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Uninsurable, and proud of it!

Discussion in 'General Motorcycling Discussion' started by Chairman, Sep 26, 2005.

  1. I'm as proud as punch. Swann - my insurer of choice for many years - has refused to give me quote because my bike is too old! For years I've ticked the box on my insurance and simply paid over the money. I decided to do a little exploration this year, just for the sake of comparison.

    Swann - Won't insure me because the bike is more than 20 years old! Their rep suggested I ring Shannons and look for "classic" cover! What a complement.

    AAMI - $700 + $450excess. What the ?! I'm over 40, have had no infringments or claims for over a fifteen years, have been riding for over 20 years and the agreed value on my bike is $1600. I queried the quote and I was told that the charged a high premium because "bike insurance isn't really our target market"

    Western QBE - $140 + $300excess

    RACV - $117 + $400 excess

    I went back to Western QBE with the RACV quote and took them up on the offer to "beat any price"- and they reduced premium to $105, retaining the $300 excess.

    Western QBE has a very happy customer.
  2. I went with AAMI because they offerred me the best price for my situation. I had never had insurance before in Australia so I was disadvantaged there and most places were quoting an absurd amount because of it. AAMI gave me a good price (but it may also be because we have home and contents with them).
  3. Must be a new policy for Swann. They've been insuring me for some years now.

    26 year old bike
  4. Suncorp was able to do the best for me. Luck I'm not in the "high risk" group or I would really have been stuffed.
  5. AAMI used to give a good price.

    Now they are trying to get out of the motorcycle market (they refused to insure bikes in NSW anymore, unless you're an existing customer).

    So they get sneaky, by making the premiums absurdly high.

    BTW, Shannons is starting to really target bikes. Especially those who only use their bikes a couple of days week.
  6. When I went to insure the VFR, I rang around a bit too..
    Western QBE was by far the best..

    $400 excess + $930 per annum.
    (insured in Ferntree Gully)

    but then..

    $1500 excess + $930 per annum.
    (insured in South Yarra)

    Now I know why insurance companies have the best looking marquees at the Grand Prix every year!

  7. I'm with Shannons & you can basically set up your insurance depending on how often you use your bike.
    From memory, I think if you do less than 4,000 kms a year it'll set you back about $25 per month.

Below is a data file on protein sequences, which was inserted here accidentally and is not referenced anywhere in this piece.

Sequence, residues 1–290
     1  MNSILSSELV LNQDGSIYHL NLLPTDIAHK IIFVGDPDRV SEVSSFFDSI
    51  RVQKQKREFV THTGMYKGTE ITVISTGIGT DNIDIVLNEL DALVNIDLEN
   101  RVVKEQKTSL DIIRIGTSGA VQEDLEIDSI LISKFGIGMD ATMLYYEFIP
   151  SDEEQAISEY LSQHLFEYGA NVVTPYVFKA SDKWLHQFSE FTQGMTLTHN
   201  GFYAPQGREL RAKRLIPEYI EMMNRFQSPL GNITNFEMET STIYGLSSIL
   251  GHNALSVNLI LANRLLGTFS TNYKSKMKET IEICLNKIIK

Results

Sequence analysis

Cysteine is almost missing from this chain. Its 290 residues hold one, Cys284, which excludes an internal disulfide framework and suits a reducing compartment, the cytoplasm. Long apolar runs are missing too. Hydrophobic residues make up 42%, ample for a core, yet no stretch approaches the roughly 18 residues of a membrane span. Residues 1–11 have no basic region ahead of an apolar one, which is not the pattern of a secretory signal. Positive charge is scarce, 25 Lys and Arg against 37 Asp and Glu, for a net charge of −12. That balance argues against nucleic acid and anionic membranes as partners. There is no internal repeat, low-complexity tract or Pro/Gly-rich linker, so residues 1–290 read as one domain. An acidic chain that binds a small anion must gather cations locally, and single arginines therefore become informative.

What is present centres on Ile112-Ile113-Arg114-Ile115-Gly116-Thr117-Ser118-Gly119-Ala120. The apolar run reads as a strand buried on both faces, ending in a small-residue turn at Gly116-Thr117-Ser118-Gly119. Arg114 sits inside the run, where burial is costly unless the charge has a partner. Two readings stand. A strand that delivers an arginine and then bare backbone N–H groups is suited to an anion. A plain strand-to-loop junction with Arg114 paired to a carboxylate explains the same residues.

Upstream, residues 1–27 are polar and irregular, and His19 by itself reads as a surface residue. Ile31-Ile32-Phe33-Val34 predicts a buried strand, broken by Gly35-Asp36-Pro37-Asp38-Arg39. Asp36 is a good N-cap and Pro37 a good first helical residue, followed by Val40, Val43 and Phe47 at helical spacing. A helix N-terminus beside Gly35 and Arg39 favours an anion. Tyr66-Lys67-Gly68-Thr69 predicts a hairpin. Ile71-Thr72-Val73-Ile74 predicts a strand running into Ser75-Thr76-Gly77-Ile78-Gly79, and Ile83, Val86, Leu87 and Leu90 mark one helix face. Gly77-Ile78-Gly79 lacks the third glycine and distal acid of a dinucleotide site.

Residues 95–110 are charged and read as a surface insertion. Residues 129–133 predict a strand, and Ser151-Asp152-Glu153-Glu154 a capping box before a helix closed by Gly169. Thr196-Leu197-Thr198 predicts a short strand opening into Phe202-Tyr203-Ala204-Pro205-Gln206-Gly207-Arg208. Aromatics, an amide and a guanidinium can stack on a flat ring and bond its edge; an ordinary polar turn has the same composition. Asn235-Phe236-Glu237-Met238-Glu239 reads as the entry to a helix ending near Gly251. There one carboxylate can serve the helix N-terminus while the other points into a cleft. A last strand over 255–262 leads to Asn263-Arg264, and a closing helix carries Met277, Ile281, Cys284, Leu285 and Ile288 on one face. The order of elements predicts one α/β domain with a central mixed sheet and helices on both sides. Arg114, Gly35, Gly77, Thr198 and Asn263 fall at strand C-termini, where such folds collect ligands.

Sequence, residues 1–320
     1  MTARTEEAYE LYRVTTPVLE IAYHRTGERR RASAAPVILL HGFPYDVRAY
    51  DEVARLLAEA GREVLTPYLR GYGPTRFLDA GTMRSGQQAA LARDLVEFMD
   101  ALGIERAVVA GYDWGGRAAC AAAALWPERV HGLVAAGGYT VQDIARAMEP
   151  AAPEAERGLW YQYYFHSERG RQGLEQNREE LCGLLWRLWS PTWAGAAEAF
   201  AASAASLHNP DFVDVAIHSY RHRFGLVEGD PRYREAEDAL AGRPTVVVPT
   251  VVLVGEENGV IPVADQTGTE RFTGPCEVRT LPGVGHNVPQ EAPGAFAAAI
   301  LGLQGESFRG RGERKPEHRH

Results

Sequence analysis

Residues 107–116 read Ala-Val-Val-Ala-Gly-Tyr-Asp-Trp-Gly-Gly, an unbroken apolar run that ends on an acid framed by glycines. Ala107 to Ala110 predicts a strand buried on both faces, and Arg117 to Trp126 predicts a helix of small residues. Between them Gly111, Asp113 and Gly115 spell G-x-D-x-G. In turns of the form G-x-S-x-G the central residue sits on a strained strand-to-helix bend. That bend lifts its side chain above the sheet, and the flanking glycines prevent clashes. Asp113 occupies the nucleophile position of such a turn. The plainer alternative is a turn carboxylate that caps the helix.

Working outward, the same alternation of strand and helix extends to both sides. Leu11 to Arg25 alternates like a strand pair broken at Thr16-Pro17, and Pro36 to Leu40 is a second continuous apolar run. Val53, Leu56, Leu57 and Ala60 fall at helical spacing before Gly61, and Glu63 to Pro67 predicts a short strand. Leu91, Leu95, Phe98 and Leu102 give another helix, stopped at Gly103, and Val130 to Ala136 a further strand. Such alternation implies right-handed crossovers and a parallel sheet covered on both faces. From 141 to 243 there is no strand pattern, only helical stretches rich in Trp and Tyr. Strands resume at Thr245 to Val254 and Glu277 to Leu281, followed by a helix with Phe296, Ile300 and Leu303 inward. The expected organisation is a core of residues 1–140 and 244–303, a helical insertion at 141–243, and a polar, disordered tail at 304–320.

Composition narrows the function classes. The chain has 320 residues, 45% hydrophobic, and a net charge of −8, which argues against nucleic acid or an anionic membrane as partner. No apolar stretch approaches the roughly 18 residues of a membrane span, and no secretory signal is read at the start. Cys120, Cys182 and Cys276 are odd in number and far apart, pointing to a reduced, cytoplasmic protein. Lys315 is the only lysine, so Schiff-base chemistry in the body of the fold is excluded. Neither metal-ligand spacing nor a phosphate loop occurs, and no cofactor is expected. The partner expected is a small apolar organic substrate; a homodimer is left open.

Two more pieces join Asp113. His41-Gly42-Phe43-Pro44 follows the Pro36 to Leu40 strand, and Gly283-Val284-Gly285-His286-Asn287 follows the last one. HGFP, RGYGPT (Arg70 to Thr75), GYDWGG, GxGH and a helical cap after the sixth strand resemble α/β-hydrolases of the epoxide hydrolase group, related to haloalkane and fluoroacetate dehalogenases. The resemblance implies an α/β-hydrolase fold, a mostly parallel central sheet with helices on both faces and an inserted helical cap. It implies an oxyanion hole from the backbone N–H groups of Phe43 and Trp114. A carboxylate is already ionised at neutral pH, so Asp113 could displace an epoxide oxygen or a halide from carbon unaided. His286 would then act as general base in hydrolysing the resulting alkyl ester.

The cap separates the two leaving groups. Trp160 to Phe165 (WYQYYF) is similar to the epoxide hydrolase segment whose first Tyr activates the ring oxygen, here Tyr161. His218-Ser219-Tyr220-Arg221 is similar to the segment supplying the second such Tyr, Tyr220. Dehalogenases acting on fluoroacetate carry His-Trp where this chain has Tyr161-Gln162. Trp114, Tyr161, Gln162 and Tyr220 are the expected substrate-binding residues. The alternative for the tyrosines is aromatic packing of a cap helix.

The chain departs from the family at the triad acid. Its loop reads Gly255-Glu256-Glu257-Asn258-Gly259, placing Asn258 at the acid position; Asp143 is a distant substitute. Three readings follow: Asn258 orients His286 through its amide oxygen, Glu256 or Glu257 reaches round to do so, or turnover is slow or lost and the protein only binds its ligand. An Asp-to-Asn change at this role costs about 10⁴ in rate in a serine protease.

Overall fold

Good if you don't get out as much as you'd like to
  8. I dont get the whole Shannons thing. I'm denied insurance coz I do too many k's...

    How can a 2 - 4 times a month fair weather rider be considered a better bet than an experienced rider who clocks up heaps of incident free kilometres???

    Go figure.


  9. You are right, you are missing the whole 'Shannons thing' Its aimed at people who have several classic bikes and can't ride them all at once. It saves paying a full year on each bike you own. In my experience Shannons customers are usually among the most experienced group of riders.
  10. I was told outright by Shannons that when they consider insuring modern bikes, they tend only to insure riders who ride infrequently. How can that rider be a better risk than a regular rider?? Especially if they're on a high powered machine?? The thinking sounds back to front.

    I fully appreciate the scenario where a regular rider has one or many classic bikes requiring special insurance needs.


  11. They are going on odds. They figure the more you are out on the road the bigger chance you have of getting hit. Therefore ride more and you will have a greater chance of trashing the bike. It doesnt take into account the experience you actually get from riding every day.
  12. I used to ride everyday but now that I don't I was able to adjust my policy to suit my needs. Works out well & is cost beneficial for me
  13. Not backward thinking, just pure statistics. The insurance companies crunch all the available crash data to come up with their figures. Its got nothing to do with rider skill, just historical probability models. Of course, theres the old adage, 'lies, damn lies and statistics!'. It always how you interpret the numbers.
  14. My bet is that if you were able to filter out the crash stats of infrequent riders - across all age groups - they'd have a higher per head statistic than regular riders.

    C'est la vie.